Japanese giant spider crab

01. November 2012
Japanese giant spider crab
Macrocheira kaempferi. Japan. 1882.
These two unusually large giant spider crabs are a gift from Japanese Emperor Meiji to Emperor Franz Joseph I.

With a leg span of up to four meters and legs up to one-and-a-half meters long, giant spider crabs are the largest living crustaceans in the world. They can weigh up to 20 kilograms and are found exclusively in the Pacific around the Japanese islands. Striding unhurriedly across sandy soil and mud in water of between 20 and 500 meters deep, they can cover great distances as they search for food. As omnivores, they are not choosy: they eat plants and carcasses, but they also break open the shells of mullusks and even crack pieces of coral. To protect themselves against natural enemies, they camouflage their bright red or orange colored shell by putting sponges, sea anemones, and algae on their back.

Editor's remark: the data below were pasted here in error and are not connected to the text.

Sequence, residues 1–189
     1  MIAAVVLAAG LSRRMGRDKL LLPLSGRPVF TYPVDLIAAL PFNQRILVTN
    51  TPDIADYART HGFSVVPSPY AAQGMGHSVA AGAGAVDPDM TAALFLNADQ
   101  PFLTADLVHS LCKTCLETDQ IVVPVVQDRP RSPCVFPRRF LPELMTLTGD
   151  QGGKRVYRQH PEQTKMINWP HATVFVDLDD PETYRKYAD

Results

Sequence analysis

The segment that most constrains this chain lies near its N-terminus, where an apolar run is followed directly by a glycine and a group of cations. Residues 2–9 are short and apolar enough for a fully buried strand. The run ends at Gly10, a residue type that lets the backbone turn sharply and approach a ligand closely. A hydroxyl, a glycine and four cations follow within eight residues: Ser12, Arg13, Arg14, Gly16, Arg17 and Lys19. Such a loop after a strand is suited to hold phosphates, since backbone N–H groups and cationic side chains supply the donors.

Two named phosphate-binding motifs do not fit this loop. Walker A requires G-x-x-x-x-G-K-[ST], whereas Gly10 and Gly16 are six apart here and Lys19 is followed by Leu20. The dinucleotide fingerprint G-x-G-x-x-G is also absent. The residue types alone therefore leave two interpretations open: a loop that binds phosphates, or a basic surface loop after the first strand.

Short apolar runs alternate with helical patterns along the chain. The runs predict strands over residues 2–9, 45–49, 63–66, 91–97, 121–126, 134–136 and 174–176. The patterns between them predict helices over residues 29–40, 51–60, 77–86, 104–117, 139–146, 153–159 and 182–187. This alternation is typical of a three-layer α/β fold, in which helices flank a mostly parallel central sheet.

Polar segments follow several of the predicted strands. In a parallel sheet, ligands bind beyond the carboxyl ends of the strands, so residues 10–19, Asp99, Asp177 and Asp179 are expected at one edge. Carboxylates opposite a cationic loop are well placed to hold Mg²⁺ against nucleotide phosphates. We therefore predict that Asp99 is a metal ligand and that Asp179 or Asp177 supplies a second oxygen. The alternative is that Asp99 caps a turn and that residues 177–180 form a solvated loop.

The Japanese call them “takaashigani”, long-legged island crabs. Giant spider crabs have been known in Europe since as long ago as the 17th century. The first European to see them on an expedition was the German doctor Engelbert Kaempfer, in whose honor the Latin species name was chosen. The giant spider crab pair at the NHM comes from the Bay of Tokyo and was brought to Vienna in 1882.
Today giant spider crabs are scarce due to overfishing. In Japan, they have become a national symbol and are, therefore, seldom eaten these days.

JPG, 2808 x 1872 px, 3,3 MB